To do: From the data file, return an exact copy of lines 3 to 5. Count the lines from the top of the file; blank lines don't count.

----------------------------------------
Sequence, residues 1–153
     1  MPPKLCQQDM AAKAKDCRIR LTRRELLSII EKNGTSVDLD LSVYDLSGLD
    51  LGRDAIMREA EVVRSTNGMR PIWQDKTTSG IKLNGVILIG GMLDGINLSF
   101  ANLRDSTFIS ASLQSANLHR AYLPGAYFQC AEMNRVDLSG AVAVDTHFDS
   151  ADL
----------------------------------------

    51  LGRDAIMREA EVVRSTNGMR PIWQDKTTSG IKLNGVILIG GMLDGINLSF
   101  ANLRDSTFIS ASLQSANLHR AYLPGAYFQC AEMNRVDLSG AVAVDTHFDS
   151  ADL